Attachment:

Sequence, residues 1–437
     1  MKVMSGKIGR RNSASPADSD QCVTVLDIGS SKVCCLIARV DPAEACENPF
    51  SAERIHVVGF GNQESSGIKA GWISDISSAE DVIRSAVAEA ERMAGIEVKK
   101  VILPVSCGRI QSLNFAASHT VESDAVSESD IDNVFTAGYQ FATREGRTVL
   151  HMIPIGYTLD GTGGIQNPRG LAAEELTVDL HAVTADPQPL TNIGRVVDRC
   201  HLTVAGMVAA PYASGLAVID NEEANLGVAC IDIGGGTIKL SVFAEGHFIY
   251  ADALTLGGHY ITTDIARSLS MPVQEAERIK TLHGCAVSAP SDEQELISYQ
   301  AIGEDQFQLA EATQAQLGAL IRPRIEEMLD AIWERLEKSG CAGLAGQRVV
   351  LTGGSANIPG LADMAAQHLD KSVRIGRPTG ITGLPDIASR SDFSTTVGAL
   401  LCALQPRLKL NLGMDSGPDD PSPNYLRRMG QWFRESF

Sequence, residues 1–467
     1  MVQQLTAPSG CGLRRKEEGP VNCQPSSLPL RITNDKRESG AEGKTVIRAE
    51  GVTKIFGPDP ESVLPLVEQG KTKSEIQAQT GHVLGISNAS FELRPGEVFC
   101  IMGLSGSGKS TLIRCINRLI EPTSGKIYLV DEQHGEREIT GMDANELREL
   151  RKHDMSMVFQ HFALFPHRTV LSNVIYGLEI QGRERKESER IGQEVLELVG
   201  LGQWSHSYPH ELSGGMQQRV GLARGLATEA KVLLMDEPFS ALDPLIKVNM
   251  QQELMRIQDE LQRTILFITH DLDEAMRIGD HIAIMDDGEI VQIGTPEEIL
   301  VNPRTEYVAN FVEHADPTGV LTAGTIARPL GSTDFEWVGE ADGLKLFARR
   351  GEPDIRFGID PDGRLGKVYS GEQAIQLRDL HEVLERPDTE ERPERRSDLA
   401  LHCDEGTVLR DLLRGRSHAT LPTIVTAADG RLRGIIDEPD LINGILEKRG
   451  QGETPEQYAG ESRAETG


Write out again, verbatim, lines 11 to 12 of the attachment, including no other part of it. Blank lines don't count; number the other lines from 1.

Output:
Sequence, residues 1–467
     1  MVQQLTAPSG CGLRRKEEGP VNCQPSSLPL RITNDKRESG AEGKTVIRAE